UK pledges patient health data revamp to accelerate treatment


The UK government promises to revamp health care data management, so patients and clinicians can more easily accest test results, medication lists and care plans, while privacy is also maintained. — Bloomberg

Boris Johnson’s government promised to revamp health care data in England to give patients easier access to test results, medication lists and care plans — and for records to be shared between systems to speed up treatment.

Health Secretary Matt Hancock said the move would deliver "better patient-focused care” by transforming the way data is used across health and care sectors. It would ensure clinicians have up-to-date medical information so they can make quicker, more informed decisions, he said.

But the draft strategy, published Tuesday and open to a public survey for one month, is likely to trigger a fresh debate over the risk of sharing of confidential data across the National Health Service.

Ministers have already been forced to delay by two months the creation of a digital database using records from family doctors, after concerns were raised that the data would be accessible to outside organisations.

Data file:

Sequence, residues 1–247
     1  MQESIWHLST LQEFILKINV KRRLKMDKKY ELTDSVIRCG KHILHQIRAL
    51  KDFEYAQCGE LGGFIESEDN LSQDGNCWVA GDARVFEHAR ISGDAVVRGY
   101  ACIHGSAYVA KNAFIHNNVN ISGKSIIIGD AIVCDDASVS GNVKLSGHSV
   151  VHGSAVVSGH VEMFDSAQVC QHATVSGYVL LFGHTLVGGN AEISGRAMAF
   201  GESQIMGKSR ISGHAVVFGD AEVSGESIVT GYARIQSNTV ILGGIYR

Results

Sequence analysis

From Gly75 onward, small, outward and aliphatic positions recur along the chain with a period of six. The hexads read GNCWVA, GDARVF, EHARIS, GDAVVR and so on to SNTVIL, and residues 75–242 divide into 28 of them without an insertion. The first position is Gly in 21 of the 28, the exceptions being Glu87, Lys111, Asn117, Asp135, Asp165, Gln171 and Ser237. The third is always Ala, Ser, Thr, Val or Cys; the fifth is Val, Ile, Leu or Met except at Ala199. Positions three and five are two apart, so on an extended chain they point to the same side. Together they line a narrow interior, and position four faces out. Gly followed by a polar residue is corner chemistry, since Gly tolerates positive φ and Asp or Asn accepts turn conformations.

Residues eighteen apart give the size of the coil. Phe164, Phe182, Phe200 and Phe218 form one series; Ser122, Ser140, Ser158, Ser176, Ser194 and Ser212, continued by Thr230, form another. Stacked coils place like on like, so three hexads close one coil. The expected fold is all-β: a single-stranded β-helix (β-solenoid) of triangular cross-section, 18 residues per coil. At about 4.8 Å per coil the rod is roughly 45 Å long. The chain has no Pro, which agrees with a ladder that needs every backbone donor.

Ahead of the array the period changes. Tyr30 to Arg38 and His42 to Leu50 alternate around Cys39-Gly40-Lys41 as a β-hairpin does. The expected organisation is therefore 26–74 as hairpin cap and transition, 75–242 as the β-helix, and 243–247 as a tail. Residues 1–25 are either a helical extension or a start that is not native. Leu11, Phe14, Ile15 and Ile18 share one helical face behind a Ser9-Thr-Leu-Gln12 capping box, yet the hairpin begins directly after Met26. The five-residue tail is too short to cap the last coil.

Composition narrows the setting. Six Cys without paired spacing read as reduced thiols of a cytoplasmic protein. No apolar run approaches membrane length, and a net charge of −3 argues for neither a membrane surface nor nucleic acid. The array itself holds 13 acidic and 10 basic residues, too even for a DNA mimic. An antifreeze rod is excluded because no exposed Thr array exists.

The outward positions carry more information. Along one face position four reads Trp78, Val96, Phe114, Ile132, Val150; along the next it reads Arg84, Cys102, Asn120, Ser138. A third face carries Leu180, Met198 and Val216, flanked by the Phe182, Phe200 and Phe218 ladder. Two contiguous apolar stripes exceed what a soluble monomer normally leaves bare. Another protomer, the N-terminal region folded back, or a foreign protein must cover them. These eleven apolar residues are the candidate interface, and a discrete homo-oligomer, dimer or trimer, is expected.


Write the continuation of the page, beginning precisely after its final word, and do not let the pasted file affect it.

This wider data strategy — which has long been touted by Hancock as a way of cutting bureaucracy in the NHS — aims to give patients more power to manage their own appointments and get their test results from across all parts of the health system through smartphone apps.

"Data saves lives,” Hancock said in an emailed statement. "The pandemic has taught us we must be bold and the great strides we have made on vaccines and treatments during this time have been made possible by the way we use data.”

In a bid to reassure patients over data sharing, the Department of Health said the NHS is committed to "using data lawfully, with respect, and holding it securely with the right safeguards in place.”

The strategy would also use personal data to "analyse key trends in the health of the nation,” it said. This could improve services in local communities or better prepare for future diseases, according to the department. – Bloomberg

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